DYK female entrepreneurs receive less than 16 per cent of all venture-capital funding? We think that’s BS. So that’s why we were pumped to hear about The Common Good Project‘s latest venture; they’ve partnered with Make Lemonade (326 Adelaide St W) to help more female entrepreneurs grow their businesses.
We asked The Colony Project’s Managing Director, Amanda Shuchat, to tell us more.
SDTC: Tell us more about what the partnership with Make Lemonade will look like. How will female entrepreneurs involved in the Common Good Project benefit from this pairing?
AS: Make Lemonade and The Common Good Project both came to be for one reason: Because the struggle is real. The coworking space has a network of more than 5,000 entre- and solopreneurs who needed a space to come together to collaborate, ideate and ultimately build their empires. The Common Good Project was developed because our team at The Colony Project, saw a need for start-ups to have access to marketing and PR strategies to make these dreams a success. Starting this month, Make Lemonade members will have access to office hours with some of the brightest minds in the PR industry who will offer free counsel on everything from how to build their social channels, securing earned media coverage, building their brand and ultimately, driving sales. They’ll also have the opportunity to attend a panel event hosted by myself and other female entrepreneurs including Neetu Godara, Founder of SocialLite Vodka, and Janice Liu, Founder of Retreat.
What are the biggest barriers that hold back female entrepreneurs?
The first year we launched The Common Good Project, we opened it up to all entrepreneurs. But despite the fact that women in Canada are starting businesses at a faster rate than any other G20 countries, we were shocked that out of dozens of applicants, there wasn’t one female-led business who applied. That’s when we shifted our communications to target women specifically. Colony is a female-led, 100% female team, so it was a great alignment. When we did that, we had 5 times as many applications. Sometimes, the biggest barriers holding female entrepreneurs back is just going for it and taking advantage of services and offerings available to them. Often times, we second guess ourselves. Lack of confidence is a real barrier. Women have so much to offer and make some of the most successful entrepreneurs, we just need to go out and take what’s ours.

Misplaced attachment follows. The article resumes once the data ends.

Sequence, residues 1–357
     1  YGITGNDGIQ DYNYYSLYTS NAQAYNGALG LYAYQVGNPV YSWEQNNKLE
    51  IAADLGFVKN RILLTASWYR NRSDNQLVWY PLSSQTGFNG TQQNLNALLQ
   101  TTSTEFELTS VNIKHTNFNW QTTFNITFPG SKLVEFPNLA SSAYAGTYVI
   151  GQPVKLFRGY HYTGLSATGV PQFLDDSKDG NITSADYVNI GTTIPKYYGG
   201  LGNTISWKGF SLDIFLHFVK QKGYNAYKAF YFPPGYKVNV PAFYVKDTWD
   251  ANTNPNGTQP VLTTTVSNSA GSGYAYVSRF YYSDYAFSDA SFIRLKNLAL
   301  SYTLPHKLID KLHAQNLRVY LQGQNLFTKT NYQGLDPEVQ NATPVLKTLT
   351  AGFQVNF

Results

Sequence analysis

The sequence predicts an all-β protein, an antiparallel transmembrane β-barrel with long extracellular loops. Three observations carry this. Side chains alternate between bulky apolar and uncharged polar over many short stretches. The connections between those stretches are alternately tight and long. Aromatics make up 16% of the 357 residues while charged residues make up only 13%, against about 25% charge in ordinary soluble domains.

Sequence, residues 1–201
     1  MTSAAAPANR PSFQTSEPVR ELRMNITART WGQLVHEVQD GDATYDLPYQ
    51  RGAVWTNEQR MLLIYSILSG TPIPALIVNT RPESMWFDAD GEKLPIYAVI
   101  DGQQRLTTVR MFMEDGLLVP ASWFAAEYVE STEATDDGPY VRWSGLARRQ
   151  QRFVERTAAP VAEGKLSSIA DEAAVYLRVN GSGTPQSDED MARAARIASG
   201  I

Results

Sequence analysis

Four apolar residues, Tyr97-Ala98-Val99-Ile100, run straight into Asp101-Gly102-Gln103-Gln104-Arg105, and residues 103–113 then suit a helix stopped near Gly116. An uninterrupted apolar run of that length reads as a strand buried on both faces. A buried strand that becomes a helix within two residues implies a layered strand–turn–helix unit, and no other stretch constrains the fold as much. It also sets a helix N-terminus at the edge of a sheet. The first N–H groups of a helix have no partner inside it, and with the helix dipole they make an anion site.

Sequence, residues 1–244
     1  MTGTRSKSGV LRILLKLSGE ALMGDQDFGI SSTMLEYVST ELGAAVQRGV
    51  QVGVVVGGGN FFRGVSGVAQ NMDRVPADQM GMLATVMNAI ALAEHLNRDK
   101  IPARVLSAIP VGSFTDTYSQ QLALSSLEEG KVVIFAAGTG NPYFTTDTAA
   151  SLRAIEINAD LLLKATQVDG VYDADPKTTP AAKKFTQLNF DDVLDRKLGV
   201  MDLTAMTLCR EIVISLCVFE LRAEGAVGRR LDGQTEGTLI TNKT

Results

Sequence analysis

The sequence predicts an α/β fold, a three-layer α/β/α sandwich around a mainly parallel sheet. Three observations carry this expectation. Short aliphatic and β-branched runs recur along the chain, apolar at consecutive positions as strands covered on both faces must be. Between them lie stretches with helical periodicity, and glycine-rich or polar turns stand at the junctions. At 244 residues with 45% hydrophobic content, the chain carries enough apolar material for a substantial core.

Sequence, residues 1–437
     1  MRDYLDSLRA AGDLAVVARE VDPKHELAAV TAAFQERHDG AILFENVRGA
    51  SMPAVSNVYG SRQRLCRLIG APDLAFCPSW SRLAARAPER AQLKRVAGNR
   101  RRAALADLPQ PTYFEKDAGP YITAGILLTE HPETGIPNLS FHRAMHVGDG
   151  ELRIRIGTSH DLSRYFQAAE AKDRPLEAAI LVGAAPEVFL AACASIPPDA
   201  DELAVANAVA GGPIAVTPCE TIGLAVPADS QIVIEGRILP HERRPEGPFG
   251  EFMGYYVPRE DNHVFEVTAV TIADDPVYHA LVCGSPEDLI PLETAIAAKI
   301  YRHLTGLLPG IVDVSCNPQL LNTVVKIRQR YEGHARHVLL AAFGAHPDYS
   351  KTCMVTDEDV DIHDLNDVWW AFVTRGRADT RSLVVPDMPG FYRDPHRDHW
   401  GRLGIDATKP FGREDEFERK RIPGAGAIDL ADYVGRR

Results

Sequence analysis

What have been some creative solutions you’ve seen other female entrepreneurs employ to get through these challenges?
Knowledge is power. Doing your research, meeting people, networking, asking questions – all of this sets people ahead. By connecting to those around us, we learn more than we thought we needed to and as a result, doors start to open. Sometimes, thinking of ourselves as “women entrepreneurs” can be what’s detrimental. While gender should be irrelevant, unfortunately, we aren’t quite there yet. But by building confidence and taking leaps regardless of fear, we push past that. Mentors and coaches can also be great assets in helping to push past comfort zones.
What success story comes to mind when you think of past Common Good Project participants?
Last year we had the opportunity to work with an incredible woman who launched an online platform for interior decoration. After doing a scrub of her social media channels, we shared our recommendation that she should feature her personality—and her herself—in her posts more to give her feed a more authentic and local connection. And voila. Next time we went to her feed we saw a ton of personal anecdotes on her page, and it really helped her business grow. Though this is a small example, it goes to show how taking the time to help can really make a difference for fellow entrepreneurs and this is what keeps us going year after year.
Want to grow your biz? Apply here.